Atty. Harry L. Roque, Jr. 09175398096
Chairperson, Center for International Law
The Philippines should vigorously pursue the liability of Canada under international environmental law – in particular under the Basel Convention – for exporting to the country without the latter’s consent 50 40-footer container vans of hazardous wastes, according to a UP professor of international law.
“It’s a shame Canada, which fashions itself to be a world leader in the promotion of the Rule of Law, is acting as if it does not know what its duties are as a party to the Basel Convention on Control of Transboundary Movements of Hazardous Wastes and Their Disposal,” said Prof. Harry L. Roque Jr., who teaches international law at the UP College of Law and chairperson of the Center for International Law, a non-profit dedicated to promoting binding international legal norms in the domestic setting.
To begin with, Canada is acting deviously on the controversy as it violated the Basel Convention requirement that to begin with, it cannot export to the Philippines any hazardous waste without the latter’s written consent, said Prof. Roque.
Like Canada, the Philippines is a party to the multi-lateral treaty.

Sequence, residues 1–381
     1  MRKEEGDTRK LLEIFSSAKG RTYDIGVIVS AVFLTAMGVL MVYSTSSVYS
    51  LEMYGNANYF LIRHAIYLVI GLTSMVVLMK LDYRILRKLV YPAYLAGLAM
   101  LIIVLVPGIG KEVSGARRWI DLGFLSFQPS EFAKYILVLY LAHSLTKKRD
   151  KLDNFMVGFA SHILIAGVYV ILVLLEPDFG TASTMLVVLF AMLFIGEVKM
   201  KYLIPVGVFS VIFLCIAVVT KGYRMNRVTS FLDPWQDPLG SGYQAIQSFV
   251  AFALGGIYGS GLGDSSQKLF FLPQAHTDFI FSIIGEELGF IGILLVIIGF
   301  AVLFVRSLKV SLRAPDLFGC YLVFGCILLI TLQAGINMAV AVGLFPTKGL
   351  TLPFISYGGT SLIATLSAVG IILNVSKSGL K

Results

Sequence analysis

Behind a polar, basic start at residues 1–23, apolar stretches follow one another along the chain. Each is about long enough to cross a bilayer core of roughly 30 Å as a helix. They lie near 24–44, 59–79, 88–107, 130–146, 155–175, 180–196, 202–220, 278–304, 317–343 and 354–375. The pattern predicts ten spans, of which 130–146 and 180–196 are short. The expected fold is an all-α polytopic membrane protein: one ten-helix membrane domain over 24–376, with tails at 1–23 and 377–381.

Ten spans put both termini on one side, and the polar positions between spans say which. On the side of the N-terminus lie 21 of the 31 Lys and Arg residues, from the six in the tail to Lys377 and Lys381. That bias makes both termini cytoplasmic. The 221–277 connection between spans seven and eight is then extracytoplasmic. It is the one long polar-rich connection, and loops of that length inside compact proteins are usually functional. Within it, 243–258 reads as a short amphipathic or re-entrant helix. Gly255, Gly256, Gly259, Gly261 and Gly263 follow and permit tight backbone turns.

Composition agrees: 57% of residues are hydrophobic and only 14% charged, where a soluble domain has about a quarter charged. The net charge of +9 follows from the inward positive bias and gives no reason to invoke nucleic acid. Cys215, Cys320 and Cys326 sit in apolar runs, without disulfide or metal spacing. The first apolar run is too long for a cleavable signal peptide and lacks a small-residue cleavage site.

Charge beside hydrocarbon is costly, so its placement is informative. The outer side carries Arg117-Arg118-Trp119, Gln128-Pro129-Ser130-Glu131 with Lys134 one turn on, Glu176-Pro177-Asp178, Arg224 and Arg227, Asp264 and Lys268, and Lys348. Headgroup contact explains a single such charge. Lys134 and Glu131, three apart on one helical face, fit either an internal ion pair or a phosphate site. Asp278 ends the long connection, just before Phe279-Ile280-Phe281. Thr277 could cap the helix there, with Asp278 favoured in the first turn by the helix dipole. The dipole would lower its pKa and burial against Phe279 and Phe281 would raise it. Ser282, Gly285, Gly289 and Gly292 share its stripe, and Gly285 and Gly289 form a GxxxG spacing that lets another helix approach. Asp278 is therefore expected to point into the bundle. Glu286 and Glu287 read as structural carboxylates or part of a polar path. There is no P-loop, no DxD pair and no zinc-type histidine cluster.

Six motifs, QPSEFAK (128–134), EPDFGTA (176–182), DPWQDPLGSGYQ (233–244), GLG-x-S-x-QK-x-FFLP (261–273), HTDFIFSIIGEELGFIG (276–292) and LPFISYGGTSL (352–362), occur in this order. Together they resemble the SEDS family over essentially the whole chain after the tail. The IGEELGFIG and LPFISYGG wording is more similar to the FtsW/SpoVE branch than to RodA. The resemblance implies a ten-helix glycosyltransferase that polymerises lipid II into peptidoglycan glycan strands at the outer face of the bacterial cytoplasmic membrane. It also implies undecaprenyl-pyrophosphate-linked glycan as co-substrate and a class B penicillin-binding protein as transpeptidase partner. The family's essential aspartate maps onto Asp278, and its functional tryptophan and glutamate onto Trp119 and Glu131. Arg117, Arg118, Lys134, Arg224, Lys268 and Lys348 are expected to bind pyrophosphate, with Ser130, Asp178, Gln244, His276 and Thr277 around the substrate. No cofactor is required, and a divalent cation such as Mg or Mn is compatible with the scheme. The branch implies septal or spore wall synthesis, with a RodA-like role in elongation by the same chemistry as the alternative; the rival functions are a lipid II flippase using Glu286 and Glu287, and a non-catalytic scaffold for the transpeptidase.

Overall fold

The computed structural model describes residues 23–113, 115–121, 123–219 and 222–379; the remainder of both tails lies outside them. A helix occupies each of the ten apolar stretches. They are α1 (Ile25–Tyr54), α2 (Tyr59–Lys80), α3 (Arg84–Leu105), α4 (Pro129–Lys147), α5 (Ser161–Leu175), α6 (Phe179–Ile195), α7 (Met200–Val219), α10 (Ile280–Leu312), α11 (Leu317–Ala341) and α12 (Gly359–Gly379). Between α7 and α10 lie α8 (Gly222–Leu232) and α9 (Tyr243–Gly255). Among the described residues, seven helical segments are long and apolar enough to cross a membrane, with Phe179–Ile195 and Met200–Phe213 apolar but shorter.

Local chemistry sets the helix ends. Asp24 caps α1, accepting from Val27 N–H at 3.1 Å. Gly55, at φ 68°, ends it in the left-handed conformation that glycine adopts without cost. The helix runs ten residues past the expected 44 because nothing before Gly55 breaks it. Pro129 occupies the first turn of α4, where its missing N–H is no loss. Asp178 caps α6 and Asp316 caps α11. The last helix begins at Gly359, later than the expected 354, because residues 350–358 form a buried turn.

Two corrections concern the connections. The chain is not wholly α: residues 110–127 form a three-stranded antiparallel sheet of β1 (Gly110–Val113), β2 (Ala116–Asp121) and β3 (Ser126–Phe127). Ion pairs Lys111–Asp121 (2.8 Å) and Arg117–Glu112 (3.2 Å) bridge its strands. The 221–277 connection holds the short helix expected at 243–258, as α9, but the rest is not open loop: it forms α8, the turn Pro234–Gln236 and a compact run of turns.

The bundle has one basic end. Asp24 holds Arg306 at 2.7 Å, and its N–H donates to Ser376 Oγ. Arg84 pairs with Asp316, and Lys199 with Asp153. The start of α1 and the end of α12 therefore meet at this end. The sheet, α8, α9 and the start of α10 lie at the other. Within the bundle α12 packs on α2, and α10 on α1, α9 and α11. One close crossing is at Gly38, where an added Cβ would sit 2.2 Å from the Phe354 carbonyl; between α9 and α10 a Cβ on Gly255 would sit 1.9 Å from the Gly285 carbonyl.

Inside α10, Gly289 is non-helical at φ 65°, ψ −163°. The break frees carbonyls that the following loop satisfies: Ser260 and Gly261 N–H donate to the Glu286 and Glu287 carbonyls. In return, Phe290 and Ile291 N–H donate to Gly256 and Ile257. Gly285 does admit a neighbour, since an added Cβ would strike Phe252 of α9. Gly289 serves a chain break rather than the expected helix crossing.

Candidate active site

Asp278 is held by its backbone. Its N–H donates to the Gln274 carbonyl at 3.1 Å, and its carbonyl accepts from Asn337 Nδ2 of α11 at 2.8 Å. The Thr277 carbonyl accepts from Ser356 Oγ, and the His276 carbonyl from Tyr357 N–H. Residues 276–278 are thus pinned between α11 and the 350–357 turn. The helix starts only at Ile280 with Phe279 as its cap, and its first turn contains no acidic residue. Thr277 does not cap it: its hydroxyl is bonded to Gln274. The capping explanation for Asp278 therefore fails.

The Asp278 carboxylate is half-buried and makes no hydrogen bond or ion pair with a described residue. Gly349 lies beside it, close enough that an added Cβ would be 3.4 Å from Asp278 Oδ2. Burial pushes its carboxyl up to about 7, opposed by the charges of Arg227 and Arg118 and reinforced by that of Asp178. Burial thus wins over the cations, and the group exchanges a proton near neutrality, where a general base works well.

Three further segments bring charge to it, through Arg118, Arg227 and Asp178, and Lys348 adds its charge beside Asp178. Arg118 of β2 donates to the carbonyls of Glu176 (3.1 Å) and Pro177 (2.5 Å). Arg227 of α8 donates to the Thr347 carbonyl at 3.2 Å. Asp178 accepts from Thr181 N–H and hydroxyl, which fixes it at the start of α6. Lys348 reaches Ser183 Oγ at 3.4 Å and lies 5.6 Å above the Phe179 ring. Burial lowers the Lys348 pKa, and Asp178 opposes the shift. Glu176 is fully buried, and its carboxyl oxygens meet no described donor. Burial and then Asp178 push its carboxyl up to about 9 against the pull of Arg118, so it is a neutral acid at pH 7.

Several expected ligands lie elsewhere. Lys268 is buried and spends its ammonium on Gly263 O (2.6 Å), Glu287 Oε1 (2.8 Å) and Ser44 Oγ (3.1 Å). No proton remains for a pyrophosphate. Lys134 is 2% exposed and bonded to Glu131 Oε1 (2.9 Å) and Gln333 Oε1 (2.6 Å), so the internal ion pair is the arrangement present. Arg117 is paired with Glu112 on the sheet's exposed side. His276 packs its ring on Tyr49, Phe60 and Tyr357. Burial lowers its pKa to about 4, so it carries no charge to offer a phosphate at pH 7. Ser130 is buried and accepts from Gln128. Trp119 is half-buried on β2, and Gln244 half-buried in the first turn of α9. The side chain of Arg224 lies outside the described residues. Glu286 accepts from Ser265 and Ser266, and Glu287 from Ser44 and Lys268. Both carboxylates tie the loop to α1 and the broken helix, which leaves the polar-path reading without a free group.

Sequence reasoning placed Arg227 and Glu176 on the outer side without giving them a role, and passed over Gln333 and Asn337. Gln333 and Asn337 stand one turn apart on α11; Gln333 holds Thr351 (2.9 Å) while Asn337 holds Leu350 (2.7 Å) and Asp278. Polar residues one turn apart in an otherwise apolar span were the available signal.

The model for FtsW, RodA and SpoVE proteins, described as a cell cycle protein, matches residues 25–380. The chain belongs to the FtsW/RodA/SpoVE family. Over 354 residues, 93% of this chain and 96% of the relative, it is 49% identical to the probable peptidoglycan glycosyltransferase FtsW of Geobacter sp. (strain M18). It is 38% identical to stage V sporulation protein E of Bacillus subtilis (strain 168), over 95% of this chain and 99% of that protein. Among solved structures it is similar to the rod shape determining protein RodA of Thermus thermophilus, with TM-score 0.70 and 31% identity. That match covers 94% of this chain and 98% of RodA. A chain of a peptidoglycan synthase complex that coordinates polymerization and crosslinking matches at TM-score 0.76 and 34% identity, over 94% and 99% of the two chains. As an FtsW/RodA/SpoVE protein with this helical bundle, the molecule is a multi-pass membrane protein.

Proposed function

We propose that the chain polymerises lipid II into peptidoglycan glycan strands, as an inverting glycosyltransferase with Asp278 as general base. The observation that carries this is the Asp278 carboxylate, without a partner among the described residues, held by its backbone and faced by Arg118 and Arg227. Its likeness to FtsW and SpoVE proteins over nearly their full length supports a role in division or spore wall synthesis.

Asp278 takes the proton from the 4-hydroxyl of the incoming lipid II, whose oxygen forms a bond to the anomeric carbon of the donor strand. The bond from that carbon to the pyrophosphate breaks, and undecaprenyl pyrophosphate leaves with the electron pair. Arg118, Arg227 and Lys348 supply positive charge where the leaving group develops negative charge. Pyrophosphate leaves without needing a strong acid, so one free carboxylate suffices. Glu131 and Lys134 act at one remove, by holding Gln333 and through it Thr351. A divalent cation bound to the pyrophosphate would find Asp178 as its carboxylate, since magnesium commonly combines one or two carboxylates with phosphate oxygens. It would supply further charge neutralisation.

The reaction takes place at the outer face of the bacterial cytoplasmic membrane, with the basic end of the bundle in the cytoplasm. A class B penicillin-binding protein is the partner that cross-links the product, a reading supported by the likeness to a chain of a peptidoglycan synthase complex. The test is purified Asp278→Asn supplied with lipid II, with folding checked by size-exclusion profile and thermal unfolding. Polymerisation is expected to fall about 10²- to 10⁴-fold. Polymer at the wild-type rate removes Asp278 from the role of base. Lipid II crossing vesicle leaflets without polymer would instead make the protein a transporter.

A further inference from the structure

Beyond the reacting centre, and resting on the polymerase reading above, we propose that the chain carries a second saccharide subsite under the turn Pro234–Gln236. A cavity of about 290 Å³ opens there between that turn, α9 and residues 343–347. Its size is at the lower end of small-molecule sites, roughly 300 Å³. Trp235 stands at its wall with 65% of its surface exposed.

The issue has become a sore point between the two countries, with Canada eschewing responsibility over the shipment and passing it on to Ontario-based Canadian firm Chronic Inc., and its Philippine partner. Chronic allegedly shipped the vans to the Philippines in 2013 as recyclables. But the Bureau of Customs, upon inspection, found these to be filled with “toxic” wastes.
Prof. Roque said Canada is responsible for the repatriation of the wastes back to its own shores under the terms of the Basel Convention.
And while the shipment was mis-declared by its Canadian exporter and its Philippine partner as that of “recyclable plastics,” Canada cannot claim it did not know the contents of the container vans because as the state of origin, it had the obligation to inspect the contents of the shipment, according to Prof. Roque.
“In addition, under the Basel Convention, if the shipment cannot be completed under the authorized terms or within the provisions of the Convention, the state of export – Canada – must re-import the shipment unless an alternative arrangement for proper disposal can be made within ninety days of notification by the state of import,” he said.
“Thus even assuming that the Philippines legally consented to receive the shipment, by the terms of the Convention, Canada remains responsible for the waste up until its disposal, and may be entirely liable for costs if fulfillment of the contract becomes impossible,” said Prof. Roque.
The Canadian embassy in the Philippines insists it is not liable for anything.
He said that if Canada refuses to accept responsibility for the wastes, the Philippines may take the issue up to an international arbitral panel or to the International Court of Justice.
“This not a question of cost but of principle,” he said. “The cost will be recovered later on, but Canada should be made to face up to its obligations under international law not just to the Philippines but to all the parties to the Basel Convention.”